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Partway through the pilot for ABC’s sitcom United We Fall, the show’s central family has to rush to the emergency room.
Why? Because daughter Emily (Ella Grace Helton) has … a prolapsed rectum.
AIR DATE Jul 15, 2020
“Ew!” you might well say.
You’d be correct. It’s discussed in some detail, probably more than most casual viewers will require.
“That’s not funny!” you might well say.
You wouldn’t necessarily be wrong there either.
But here’s what I’d counter with: It’s easy to think of the lamest of reasons a broadcast TV family would have to make an ER visit. Baby has a fever! Toddler swallowed something valuable that will eventually have to be pooped out! Etc.!
Leaving your wincing and distaste aside, the prolapsed rectum thing feels like something the writers of United We Fall might have actually experienced, rather than something they saw on TV or thought a TV audience might be amused by. United We Fall isn’t very good overall — at least not in the two episodes sent to critics (only two episodes, despite having completed production months ago) — but both episodes feature at least a couple of those moments that seem specific and authentic.
That juvenile prolapsed rectum is both the worst and best thing about United We Fall. (And yes, ABC, you can use that blurb.)
Created by Julius Sharpe, United We Fall could easily be lumped in with a string of quickly canceled comedies that premiered this spring — shows including Outmatched, Indebted and Broke, about in-over-their-head parents, wacky TV kids and relatives forced by economic circumstances to expand that nuclear family.
In this case, our parental heroes are Bill (Will Sasso) and Jo (Christina Vidal Mitchell), who struggle to feel like they’re prepared to raise Emily and little Lulu (Ireland and Sedona Carvajal), but come to realize in every episode that despite their bumbling efforts, they’re actually pretty good parents. The secret, they discover, is presenting a united front, something they have to do against Will’s ubiquitous mother Sandy (Jane Curtin) and Jo’s persistently present brother Chuy (Guillermo Díaz), whose own invariably stern or obsessive ideas about parenting rarely align with whatever Jo and Bill are doing.
Both Chuy and Sandy are genuinely badly conceived figures, devised as annoying interlopers without any hint of affection or external awareness so that no viewer will be able to understand why either character is present as much as they are. I felt both sad and angry watching Curtin, a comic legend with a near-impeccable capacity for turning lumps of coal into diamonds, struggle to find anything funny or purposeful in her character. With Díaz, you can at least understand why, after all of the misery that Scandal put him through, there would be some relief in just playing an annoying busy-body mugging for laughs. But the Weeds veteran should warrant better material than this. I think I understand the adversarial function both characters serve in the structure of United They Fall, but I can’t understand the comic function either serves in either episode I’ve seen.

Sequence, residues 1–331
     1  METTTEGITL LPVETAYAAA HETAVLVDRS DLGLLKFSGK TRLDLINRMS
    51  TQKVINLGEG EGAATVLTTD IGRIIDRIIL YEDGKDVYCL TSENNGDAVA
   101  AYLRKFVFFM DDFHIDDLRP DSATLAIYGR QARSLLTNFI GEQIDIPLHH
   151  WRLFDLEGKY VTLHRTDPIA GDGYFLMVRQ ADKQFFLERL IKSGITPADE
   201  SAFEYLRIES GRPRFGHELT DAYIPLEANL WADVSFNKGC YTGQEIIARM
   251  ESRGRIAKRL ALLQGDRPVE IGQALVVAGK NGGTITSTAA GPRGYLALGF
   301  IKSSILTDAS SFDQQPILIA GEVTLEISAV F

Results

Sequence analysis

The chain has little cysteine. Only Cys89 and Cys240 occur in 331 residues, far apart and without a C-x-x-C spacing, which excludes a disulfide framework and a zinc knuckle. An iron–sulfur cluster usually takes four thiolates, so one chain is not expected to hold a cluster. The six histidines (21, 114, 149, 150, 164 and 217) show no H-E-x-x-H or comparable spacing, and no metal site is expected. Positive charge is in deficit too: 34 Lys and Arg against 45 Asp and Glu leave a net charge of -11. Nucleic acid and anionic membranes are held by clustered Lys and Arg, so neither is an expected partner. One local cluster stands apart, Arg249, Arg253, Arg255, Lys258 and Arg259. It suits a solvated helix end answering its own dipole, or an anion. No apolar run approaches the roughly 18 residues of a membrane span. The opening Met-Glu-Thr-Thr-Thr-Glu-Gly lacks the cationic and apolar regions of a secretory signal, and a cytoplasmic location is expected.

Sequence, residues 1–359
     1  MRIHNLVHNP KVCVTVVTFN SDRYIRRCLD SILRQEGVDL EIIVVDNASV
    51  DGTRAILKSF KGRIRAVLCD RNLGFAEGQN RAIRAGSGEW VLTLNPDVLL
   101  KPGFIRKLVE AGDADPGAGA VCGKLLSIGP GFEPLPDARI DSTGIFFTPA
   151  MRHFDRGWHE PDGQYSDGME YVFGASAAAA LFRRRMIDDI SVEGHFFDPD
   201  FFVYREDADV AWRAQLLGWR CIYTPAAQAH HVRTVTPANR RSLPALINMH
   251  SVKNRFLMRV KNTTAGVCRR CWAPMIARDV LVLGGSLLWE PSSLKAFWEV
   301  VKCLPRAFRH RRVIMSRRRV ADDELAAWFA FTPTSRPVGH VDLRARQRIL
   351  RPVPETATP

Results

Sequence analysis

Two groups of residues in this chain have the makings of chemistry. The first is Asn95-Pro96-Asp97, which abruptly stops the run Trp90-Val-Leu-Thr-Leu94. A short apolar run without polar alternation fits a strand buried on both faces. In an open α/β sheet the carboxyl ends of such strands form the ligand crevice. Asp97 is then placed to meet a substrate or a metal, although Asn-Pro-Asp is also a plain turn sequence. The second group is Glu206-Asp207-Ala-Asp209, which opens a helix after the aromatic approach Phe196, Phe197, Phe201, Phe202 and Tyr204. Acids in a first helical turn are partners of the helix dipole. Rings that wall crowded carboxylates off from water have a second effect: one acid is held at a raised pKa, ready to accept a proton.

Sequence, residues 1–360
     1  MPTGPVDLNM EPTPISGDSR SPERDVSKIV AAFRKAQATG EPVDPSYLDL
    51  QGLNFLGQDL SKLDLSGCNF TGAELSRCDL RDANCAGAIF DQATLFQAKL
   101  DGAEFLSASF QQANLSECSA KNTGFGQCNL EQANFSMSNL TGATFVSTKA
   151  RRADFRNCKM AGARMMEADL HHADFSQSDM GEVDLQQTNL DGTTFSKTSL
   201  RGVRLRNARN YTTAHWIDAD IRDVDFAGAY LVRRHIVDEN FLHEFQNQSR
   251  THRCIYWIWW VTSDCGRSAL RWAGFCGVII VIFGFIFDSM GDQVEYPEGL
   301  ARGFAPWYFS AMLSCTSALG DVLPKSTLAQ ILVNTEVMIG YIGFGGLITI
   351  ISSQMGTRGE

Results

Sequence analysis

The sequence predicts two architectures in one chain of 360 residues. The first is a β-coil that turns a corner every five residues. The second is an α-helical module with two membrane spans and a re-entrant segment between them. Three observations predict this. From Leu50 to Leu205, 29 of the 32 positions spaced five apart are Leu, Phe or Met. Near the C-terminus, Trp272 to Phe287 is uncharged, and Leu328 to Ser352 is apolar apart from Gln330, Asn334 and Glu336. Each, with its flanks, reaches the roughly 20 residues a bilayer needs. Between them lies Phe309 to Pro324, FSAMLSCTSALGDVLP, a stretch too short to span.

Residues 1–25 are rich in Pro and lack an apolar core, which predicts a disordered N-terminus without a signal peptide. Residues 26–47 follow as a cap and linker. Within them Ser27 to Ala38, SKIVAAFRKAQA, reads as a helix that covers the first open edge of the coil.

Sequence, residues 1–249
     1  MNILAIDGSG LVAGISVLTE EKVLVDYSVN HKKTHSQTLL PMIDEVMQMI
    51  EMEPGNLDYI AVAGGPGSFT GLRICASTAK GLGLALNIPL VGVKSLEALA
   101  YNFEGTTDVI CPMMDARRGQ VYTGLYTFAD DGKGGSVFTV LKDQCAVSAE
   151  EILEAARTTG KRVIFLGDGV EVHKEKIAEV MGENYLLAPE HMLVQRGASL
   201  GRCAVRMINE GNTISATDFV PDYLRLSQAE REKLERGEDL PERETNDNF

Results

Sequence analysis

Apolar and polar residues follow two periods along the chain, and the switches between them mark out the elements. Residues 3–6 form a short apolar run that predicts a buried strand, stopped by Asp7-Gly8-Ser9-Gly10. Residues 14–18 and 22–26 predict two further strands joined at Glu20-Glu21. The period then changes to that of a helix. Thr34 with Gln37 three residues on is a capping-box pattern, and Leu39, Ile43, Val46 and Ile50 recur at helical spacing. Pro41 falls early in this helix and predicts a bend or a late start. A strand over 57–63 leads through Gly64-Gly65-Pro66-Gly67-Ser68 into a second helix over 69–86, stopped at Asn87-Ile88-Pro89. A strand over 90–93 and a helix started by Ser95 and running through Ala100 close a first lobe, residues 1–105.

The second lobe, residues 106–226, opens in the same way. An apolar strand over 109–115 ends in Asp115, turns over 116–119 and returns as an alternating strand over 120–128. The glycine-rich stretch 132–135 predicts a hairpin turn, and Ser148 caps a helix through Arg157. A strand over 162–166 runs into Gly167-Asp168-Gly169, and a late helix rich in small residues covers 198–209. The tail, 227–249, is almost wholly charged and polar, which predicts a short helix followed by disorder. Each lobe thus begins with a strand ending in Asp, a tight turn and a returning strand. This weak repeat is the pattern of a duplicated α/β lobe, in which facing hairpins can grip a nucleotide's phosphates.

The annoying mother and annoying brother basically make it easy to empathize with Jo and Bill, which I guess might be a difficult process otherwise, what with the willy-nilly prolapsed rectums and whatnot. Jo and Bill are also characters built too heavily on cliches, especially when it comes to Jo’s tossed-off references to her massive family and her reliance on “fiery Latina” tropes. But Sasso and Vidal are very good together, fulfilling that difficult sitcom-couple challenge of actually making some sense as a compatible pairing even when they’re engaging in obligatory competitive parenting. Throw in Helton’s well-utilized comic timing and there’s something to this clan that feels right and even nurturing.
If you took Sandy and Chuy away, leaving Jo, Bill, Emily and Lulu, there probably wouldn’t be enough for a show here — but at least you might have a better starting point. The pilot, again with the prolapsed rectum, has a funny guest turn by Marc Evan Jackson (The Good Place), who I always think should be too big a star for cameos in which he may not even get a name, yet I always appreciate him in those turns. Maybe the better show here is about this family and the concerned doctor who has to deal with the kids’ frequent maladies? The second episode includes Gloria Calderón Kellett — co-writer of the episode with One Day at a Time partner Mike Royce — in an amusing role as a preschool teacher who loves kids, but hates parents. Maybe the other better show here is about the family making friends with this stern teacher? It definitely isn’t about the stay-at-home grandmother spitting into a genealogy test tube and hoping to find out that she’s Italian.
How long does it take for absence to make the heart grow fonder when it comes to mediocre broadcast sitcoms? Well, I just called United We Fall “mediocre” and I doubt I’d have been as generous reviewing it alongside its fellow midseason duds. I’ve become starved enough for comfort broadcast programming to latch onto the couple beats that play as likeable or vaguely realistic. I probably don’t expect or necessarily recommend the same leeway from viewers.
Cast: Will Sasso, Christina Vidal Mitchell, Jane Curtain, Ella Grace Helton, Guillermo Díaz
Creator: Julius Sharpe
Episodes air Wednesdays at 8 p.m. ET/PT on ABC, premiering July 15.
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